companion animal behavioural services
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Background and Experience

Childhood Experience

My parents bred Devon Rex and Persian cats for most of my childhood. I was always involved in their whelping, feeding, and socialisation. A lot of my childhood was spent on my grandparents farm in Maidstone, Kent, where they had cows, sheep, pigs, chickens, a cart-horse, barns of wild cats, and a working collie. My grandparents got me interested in working dogs and I remember my grandmother teaching me how to teach a dog to recall by using a silent dog whistle and some treats. The wild barn cats were only socialised to my grandmother and would scarper if we approached too quickly, she had trained them to approach her on command.

My childhood pets were guinea pigs (Ferdinand & Alister), gerbils (Dilly & Dally & Skunkie), a canary (Goldie), 2 Budgies (Wally & Wilma), a hamster (Ulrika), a much adored Devon Rex called Bonzo, and a Shiatsu called Puddy.

     

Animal Related Work Experience

I worked for Hearing Dogs and loved all the recipients I worked with tremendously. Prior to working at Hearing Dogs I worked with Elisabeth Kershaw of Canine Education in Berkshire with her puppy socialisation clicker training classes. I learnt an enormous amount from Elisabeth about clicker training and training dogs in a fun and positive way. For this start in my career I am eternally grateful to her. A sound knowledge of training techniques is vital if you want to work within this field.

Following Hearing Dogs I worked for the Blue Cross Tiverton Adoption Centre in Devon, as an Animal Welfare Assistant. I was the main carer of about 20 dogs, which I had admitted into the centre, cared for and rehabilitated whilst at the centre and then matched then to their new adopters. Several dogs I worked on had developed behavioural problems, many of which could be re-trained and adopted out to more suitable homes.

Working at the Blue Cross gave me an insight into why people give their dogs up for adoption, the behavioural problems that people don’t want in a dog, and what dogs actually go through whilst in a kennel environment (despite good quality care). I was greatly relieved to discover the attention this centre paid to animal welfare and behaviour, animal assessments and the matching process in general. However I felt strongly that there were people that I could have helped to prevent them having to give up their dogs to rescue centres.

I left the Blue Cross determined to set up my own Companion Animal Behaviour Service called Dylan’s in order to help to reduce the number of dogs ending up in rescue centres and to educate people into paying more attention to the types of breeds they chose and the importance that early good socialisation has on the behaviour of your companion animal. Sadly some people that brought their dog into the rescue had seen a trainer or behaviourist for advice, but has been given wrong or inadequate advice, and thus had ended up bringing their pets into rescue anyway. Hence it is vital to check out the credentials of the person who may be helping you to keep you dog.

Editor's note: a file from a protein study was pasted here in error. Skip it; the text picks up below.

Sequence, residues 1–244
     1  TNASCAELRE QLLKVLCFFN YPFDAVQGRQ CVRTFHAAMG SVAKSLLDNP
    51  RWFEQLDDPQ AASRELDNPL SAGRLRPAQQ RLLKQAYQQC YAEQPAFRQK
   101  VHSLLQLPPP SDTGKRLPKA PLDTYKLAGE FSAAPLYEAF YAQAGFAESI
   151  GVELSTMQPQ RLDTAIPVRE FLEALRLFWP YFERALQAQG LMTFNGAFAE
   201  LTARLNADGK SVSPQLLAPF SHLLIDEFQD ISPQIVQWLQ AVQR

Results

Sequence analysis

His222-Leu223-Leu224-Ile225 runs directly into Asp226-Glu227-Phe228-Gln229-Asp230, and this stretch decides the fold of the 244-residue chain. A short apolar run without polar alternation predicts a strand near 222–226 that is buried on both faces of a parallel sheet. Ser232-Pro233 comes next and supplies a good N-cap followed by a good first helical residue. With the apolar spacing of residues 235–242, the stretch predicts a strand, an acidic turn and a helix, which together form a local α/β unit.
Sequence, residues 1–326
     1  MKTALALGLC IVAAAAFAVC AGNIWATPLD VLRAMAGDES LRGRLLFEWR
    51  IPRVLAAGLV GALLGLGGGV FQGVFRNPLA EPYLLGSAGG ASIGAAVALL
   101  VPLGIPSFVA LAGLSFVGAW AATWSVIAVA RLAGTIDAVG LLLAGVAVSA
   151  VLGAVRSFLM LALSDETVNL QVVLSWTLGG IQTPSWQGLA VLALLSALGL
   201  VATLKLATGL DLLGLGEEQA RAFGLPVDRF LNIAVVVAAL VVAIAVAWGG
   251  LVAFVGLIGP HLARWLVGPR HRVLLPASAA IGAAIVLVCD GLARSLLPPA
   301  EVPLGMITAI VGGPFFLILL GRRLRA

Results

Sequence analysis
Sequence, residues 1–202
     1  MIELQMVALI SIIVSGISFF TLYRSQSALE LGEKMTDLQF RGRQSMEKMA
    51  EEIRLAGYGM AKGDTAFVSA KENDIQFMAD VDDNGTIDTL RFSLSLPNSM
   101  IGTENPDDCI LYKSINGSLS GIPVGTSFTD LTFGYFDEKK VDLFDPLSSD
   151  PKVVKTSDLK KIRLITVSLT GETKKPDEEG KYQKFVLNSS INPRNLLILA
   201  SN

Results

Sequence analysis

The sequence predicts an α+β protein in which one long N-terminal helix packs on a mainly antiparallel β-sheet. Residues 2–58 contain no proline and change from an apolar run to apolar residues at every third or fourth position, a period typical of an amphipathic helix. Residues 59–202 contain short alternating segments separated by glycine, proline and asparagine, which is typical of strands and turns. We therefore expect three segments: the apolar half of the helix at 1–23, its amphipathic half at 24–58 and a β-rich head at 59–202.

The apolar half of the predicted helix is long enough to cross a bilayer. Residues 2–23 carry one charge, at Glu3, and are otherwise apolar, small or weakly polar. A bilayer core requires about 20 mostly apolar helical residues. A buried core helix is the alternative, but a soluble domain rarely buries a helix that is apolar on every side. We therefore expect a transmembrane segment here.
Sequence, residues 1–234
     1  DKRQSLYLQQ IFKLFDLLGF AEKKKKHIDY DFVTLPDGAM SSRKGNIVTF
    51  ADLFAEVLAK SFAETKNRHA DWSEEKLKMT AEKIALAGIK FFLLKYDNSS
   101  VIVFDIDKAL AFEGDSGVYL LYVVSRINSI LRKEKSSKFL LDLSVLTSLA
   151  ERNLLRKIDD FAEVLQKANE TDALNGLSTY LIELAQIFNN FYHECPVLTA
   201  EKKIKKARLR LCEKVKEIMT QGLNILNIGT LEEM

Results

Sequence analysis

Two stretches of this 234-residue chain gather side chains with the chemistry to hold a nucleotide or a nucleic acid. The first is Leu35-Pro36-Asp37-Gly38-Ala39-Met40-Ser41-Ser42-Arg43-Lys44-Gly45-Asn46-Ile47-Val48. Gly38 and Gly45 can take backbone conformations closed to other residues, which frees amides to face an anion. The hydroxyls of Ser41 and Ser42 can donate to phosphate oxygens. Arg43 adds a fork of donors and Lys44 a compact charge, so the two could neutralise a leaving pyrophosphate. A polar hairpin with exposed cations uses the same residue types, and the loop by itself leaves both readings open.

My formal education in Animal Behaviour and groundwork to which my theory is based on comes from studying at the University of Southampton. I was completing my third year of my degree in Zoology and one of my Animal Behaviour lecturers, Dr. Anne Mc.Bride, was talking to us about the behaviour of rabbits. She completed her lecture by informing us about a course she was starting which was a Diploma in Companion Animal Behaviour Counselling. Four years later I had finished the course and gained a dear friend who has helped me with completing my practical and theory work, setting up my career and supported me through some of the most emotionally difficult times of my life. Thanks Anne

Having completed my diploma I began studying again, completing my Deaf Awareness Certificate and Stage One British Sign Language at Reading College. I have always had an instinctive natural awareness of deafness as my grandfather and his brothers were deaf. They didn’t sign, so getting their attention first using natural gestures, and speaking with clear lip patterns were essential for communication. My mother was a speech pathologist and audiologist and taught me finger spelling as a child. It all seemed a natural progression and before long I had completed my Stage Two and was working for Hearing Dogs.

Currently I am running my own companion animal behaviour business, running consultations for behaviour modification, training, holistic therapies and bereavement counselling. I now run puppy and junior dog and adult clicker training classes aged 8 weeks upwards. So don’t wait until your puppy is 6 months old! Your puppy needs to start learning to communicate with other dogs as soon as possible which is easier if s/he mixes with dogs of their own age.

I work closely with the Blue Cross seeing dogs that owners want to re home, and also as a fundraiser (The Wine tasting we did at the Riverbank Hotel & Vegetarian restaurant in Tiverton was a great success!).

I am also working some days for The Royal College for the Deaf in Exeter as a Communication Support Worker. It is important for me to stay working closely with the deaf community and people with disabilities and would like all people to know that my services are there for them.

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